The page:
The History of Papermaking


For thousands of years, ancient peoples used materials like papyrus, animal skins, tree leaves, bark, and silk to record the important matters of their times. It wasn’t until 105 A.D. that the Chinese were credited with the first major advance in papermaking: combining several materials, such as hemp, tree bark, and silk, in water to create a pulp that was pressed and dried to create a sheet of paper.

For more than a thousand years, all paper was made by hand, and much sought after papermaking skills slowly spread across Asia and Europe. It wasn’t until the invention of the printing press in 1453 that the need for paper exploded. By then, papermakers were using old cotton and linen rags for paper fiber, which were more readily available and easier to work with than other materials. But as the need for paper continued to grow wildly, there weren’t enough rags to meet the demand.

In 1719, Rene de Reaumur first suggested that paper could be made from wood fiber after watching how wasps built their nests. Then in 1806 the Foundrinier brothers created a machine that could produce paper in continuous sheets. With these two major breakthroughs, and advances in pulping technology, it became possible to produce high-quality paper from wood chips. Modern papermaking as we know it today was born.

Recycled paperboard was first manufactured in several small mills in the 1860s and 1870s, making mass merchandising possible. Before then, most products were shipped in bulk and sold from barrels in small neighborhood stores. Now manufacturers could package their products as they wanted and distribute them over a wide area. One of the first products to take advantage of this new approach was an American classic, Quaker Oats Oatmeal, packaged in 100% recycled paperboard.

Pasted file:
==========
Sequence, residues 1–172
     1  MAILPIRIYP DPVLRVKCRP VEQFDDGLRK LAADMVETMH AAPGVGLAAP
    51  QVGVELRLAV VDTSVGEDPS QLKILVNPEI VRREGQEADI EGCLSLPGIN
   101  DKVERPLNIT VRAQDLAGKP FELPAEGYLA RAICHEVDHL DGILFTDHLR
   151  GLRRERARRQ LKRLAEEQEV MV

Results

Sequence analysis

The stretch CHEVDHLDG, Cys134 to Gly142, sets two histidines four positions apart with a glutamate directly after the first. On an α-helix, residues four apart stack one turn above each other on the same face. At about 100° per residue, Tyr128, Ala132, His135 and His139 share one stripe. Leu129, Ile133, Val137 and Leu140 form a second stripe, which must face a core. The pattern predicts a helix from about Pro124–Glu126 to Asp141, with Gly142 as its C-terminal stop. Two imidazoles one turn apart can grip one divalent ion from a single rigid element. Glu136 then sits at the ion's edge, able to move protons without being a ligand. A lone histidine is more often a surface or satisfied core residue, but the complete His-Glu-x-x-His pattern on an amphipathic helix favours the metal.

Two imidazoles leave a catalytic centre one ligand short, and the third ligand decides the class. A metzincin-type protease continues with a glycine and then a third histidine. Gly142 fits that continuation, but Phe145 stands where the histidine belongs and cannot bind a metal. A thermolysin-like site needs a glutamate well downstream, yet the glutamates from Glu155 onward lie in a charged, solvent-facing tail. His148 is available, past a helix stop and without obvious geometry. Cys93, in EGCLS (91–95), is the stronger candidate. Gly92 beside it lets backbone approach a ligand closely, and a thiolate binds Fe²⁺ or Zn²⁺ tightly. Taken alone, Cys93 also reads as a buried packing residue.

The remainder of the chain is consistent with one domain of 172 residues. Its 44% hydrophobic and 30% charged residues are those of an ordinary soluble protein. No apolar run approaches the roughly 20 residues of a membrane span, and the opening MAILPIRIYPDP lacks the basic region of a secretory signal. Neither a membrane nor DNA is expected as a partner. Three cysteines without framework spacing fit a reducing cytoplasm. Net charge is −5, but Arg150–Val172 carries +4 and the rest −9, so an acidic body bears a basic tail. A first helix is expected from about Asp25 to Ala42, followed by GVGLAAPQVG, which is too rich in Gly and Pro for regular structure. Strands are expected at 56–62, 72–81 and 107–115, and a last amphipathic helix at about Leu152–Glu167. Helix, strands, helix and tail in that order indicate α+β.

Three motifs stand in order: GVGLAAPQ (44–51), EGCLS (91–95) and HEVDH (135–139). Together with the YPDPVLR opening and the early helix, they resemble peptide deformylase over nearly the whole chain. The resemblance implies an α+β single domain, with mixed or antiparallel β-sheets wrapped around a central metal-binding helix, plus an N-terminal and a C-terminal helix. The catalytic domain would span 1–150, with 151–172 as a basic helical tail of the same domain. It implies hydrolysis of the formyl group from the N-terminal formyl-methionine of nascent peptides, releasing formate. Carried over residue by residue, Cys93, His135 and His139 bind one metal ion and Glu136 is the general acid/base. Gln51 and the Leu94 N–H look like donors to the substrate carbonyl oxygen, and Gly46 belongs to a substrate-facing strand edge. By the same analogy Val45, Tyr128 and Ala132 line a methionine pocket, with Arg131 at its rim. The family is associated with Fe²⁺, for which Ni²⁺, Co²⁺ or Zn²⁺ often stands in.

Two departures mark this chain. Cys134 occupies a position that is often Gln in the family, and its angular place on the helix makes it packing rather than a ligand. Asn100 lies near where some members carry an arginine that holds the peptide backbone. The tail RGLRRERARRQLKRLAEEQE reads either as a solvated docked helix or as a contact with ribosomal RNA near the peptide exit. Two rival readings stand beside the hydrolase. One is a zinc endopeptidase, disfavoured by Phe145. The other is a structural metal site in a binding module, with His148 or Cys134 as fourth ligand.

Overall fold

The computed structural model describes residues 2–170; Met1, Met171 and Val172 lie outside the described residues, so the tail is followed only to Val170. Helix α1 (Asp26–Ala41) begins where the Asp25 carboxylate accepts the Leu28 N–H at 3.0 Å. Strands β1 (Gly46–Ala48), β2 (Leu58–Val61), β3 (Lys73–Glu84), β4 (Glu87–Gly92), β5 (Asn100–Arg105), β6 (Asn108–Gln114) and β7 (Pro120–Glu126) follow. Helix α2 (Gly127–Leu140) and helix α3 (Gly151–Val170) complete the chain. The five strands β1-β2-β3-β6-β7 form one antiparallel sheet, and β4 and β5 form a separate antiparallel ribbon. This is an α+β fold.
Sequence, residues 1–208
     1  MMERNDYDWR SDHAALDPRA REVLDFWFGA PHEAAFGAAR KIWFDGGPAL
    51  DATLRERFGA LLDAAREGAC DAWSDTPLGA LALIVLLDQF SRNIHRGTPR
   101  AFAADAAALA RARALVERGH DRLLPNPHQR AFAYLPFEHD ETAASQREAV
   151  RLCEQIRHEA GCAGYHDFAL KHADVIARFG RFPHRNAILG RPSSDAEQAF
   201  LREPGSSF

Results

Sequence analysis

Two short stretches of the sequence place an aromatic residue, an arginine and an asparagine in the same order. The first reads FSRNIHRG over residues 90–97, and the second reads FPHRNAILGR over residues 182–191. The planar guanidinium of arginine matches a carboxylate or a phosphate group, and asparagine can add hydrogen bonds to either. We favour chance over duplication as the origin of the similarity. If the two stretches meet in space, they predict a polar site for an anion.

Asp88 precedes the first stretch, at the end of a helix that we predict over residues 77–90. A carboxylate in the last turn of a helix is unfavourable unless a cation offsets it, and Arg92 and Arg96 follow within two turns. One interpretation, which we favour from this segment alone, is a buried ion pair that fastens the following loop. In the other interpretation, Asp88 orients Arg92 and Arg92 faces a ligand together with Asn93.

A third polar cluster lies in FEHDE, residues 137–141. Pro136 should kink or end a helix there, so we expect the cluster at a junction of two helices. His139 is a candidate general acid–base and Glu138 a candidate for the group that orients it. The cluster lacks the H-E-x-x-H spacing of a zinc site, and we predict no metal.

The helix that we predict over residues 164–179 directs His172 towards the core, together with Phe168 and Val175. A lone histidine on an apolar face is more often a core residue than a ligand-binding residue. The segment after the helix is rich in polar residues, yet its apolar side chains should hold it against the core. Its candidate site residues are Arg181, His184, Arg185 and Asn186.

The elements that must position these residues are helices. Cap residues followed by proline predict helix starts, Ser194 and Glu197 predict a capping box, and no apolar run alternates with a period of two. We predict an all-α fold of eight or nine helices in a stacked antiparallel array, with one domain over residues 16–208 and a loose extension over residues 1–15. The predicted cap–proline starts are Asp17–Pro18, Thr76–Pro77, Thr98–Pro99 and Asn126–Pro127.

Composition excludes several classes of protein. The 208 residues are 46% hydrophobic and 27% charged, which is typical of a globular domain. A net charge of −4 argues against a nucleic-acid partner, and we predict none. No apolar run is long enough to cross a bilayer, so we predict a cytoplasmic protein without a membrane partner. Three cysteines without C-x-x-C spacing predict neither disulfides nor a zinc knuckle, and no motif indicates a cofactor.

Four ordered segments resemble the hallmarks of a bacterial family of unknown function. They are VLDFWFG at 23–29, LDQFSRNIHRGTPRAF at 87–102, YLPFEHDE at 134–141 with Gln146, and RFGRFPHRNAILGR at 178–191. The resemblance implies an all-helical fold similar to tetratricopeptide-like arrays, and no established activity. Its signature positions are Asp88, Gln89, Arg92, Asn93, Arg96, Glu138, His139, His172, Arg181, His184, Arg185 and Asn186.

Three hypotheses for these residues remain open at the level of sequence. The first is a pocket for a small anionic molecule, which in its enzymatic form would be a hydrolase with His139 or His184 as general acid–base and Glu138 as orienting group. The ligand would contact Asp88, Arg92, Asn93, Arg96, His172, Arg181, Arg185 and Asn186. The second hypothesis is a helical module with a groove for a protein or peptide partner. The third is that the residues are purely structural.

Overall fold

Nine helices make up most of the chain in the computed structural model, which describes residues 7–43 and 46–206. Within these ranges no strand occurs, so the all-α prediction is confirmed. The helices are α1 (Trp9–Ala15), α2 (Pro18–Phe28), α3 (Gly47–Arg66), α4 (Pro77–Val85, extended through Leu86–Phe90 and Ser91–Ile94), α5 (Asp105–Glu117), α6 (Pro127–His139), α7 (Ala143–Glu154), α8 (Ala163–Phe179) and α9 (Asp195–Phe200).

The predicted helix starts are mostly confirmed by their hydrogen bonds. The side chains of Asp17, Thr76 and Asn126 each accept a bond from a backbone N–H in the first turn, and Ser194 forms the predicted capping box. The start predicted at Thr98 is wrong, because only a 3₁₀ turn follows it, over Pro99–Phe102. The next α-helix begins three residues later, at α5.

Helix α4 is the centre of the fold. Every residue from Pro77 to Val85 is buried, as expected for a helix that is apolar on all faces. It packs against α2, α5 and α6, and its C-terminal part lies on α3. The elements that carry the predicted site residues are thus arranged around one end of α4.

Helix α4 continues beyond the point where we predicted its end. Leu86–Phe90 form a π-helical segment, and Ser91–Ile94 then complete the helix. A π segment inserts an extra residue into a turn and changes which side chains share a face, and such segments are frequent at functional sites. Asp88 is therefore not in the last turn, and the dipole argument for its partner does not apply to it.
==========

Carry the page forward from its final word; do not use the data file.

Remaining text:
In the late 1930’s, however, paper manufacturers moved away from recycled materials and began using “virgin” tree fiber, initially for the corrugated or “cardboard box” and in the 1950’s for bleached white folding cartonboard. From that point forward to today, virgin and recycled paperboard manufacturers have shared the market for all paperboard packaging products.

Today, the 100% recycled paperboard industry is producing competitive, versatile products. From moisture-resistant refrigerated food boxes, to crisp, smooth pharmaceutical packages printed with the sharpest type and brightest graphics, the 100% recycled paperboard industry has successfully developed packaging options for the changing needs of the marketplace.